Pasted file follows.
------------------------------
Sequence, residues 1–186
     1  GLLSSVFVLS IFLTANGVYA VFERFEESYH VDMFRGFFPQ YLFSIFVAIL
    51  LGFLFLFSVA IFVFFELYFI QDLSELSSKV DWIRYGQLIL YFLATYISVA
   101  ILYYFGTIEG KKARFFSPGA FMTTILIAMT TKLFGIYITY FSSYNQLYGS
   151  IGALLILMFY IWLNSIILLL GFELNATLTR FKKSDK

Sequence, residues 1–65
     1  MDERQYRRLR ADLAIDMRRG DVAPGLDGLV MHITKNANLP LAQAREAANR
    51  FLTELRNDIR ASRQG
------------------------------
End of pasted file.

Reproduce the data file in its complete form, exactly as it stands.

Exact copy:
Sequence, residues 1–186
     1  GLLSSVFVLS IFLTANGVYA VFERFEESYH VDMFRGFFPQ YLFSIFVAIL
    51  LGFLFLFSVA IFVFFELYFI QDLSELSSKV DWIRYGQLIL YFLATYISVA
   101  ILYYFGTIEG KKARFFSPGA FMTTILIAMT TKLFGIYITY FSSYNQLYGS
   151  IGALLILMFY IWLNSIILLL GFELNATLTR FKKSDK

Sequence, residues 1–65
     1  MDERQYRRLR ADLAIDMRRG DVAPGLDGLV MHITKNANLP LAQAREAANR
    51  FLTELRNDIR ASRQG